New reconstructions of the “Mykenaia” and a seated woman from Mycenae
Bernice R. Jones American Journal of Archaeology 113 (2009): 309-338.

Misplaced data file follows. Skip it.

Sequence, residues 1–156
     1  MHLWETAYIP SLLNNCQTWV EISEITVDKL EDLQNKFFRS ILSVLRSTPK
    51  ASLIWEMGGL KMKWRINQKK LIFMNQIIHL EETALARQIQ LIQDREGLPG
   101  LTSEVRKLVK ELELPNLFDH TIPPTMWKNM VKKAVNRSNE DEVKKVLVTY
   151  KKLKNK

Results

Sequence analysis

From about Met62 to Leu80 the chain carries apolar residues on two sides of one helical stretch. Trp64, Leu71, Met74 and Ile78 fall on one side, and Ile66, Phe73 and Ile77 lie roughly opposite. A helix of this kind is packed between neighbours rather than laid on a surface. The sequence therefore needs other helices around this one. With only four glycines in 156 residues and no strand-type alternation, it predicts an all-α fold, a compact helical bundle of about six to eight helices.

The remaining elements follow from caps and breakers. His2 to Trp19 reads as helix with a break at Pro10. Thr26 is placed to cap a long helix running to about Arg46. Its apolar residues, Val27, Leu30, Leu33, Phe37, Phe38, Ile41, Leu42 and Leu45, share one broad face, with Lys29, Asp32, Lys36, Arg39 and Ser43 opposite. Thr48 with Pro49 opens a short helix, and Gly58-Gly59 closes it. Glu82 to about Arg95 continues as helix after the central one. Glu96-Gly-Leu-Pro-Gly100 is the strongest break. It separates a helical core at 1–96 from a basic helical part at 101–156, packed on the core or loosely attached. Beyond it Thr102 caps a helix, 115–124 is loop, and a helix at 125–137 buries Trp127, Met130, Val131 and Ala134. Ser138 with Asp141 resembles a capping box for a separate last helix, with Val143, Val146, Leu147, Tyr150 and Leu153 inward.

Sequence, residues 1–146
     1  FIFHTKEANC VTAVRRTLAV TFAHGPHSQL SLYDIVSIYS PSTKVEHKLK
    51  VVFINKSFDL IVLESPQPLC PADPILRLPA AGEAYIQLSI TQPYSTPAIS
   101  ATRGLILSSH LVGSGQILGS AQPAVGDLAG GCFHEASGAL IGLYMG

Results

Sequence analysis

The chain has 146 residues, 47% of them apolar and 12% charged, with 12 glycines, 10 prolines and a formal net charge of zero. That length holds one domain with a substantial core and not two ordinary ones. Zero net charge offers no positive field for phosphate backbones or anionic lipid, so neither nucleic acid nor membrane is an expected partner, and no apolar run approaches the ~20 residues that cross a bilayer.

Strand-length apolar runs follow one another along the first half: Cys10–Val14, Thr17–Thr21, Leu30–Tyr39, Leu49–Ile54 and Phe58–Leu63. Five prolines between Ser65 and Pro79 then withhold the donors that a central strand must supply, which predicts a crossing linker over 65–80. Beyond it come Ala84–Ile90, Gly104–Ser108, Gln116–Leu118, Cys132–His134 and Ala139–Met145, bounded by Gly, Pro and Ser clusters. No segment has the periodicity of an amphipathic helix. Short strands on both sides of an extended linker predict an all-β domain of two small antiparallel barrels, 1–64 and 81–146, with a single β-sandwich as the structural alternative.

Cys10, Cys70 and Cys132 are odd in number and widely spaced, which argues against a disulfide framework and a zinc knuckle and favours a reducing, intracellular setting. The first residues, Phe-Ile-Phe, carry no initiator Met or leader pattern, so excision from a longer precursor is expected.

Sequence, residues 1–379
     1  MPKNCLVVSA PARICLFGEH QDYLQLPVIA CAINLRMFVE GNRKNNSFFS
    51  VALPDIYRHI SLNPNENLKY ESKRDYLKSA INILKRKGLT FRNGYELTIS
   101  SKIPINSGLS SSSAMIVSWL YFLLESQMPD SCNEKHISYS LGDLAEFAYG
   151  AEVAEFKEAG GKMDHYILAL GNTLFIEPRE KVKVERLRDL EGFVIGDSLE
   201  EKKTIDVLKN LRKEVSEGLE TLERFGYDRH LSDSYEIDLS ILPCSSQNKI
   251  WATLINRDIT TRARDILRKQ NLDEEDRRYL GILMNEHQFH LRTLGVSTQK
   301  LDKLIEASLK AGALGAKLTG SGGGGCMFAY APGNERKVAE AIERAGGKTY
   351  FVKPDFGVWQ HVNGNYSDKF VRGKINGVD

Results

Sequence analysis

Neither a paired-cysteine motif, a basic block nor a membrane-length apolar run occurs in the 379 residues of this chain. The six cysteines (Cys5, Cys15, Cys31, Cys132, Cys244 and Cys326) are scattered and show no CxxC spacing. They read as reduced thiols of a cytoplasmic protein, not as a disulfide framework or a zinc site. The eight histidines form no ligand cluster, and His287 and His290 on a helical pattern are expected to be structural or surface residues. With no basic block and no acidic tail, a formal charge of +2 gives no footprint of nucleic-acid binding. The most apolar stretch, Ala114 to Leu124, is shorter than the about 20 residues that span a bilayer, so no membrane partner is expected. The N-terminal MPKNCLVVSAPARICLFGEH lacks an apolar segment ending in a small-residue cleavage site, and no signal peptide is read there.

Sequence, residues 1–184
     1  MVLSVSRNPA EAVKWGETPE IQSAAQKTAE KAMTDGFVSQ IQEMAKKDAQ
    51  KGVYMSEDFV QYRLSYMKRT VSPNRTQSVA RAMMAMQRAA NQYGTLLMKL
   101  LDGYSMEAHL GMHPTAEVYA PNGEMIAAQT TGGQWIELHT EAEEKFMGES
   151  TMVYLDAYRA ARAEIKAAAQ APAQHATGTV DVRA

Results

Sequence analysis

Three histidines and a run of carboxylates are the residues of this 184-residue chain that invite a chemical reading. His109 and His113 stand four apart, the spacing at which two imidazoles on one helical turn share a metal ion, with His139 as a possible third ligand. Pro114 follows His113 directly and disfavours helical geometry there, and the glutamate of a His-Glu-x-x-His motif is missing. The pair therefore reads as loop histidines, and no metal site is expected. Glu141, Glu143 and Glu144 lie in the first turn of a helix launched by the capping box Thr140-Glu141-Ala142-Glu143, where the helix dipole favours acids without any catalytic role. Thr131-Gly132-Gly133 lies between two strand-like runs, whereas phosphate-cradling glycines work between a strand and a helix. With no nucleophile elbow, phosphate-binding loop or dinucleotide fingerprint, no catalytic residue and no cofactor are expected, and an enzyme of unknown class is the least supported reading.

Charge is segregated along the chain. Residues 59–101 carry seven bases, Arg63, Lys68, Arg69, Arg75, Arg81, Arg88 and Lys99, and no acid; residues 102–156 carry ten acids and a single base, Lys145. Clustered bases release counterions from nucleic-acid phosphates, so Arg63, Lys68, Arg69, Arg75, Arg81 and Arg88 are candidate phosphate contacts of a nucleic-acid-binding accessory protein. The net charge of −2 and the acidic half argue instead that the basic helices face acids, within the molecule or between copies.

This study presents evidence for reconstructing two frescoes, including the well-known “Mykenaia”, found at the Southwest Building at Mycenae. It argues that the “Mykenaia” did not depict a seated goddess facing right but a life-sized, standing woman striding to the left and that the other fresco portrays a half-life-sized enthroned woman, likely a goddess, facing right and holding a miniature female figure. The reconstructions are based on detailed examinations, drawings, and photographs taken to scale of the fragments and on comparanda. The argument is based on the innovative use of both experimental costume replications and digital imaging that superimposes details from other well-documented frescoes onto the fragments to test possible poses and details. The reconstructions proposed here are based on costume details depicted by the frescoes and on textual data, including intriguing Linear B ideograms. These reconstructions are then set within the larger spectrum of cult scenes in Aegean art, and some details of the dress worn in these frescoes are connected to Aegean cult.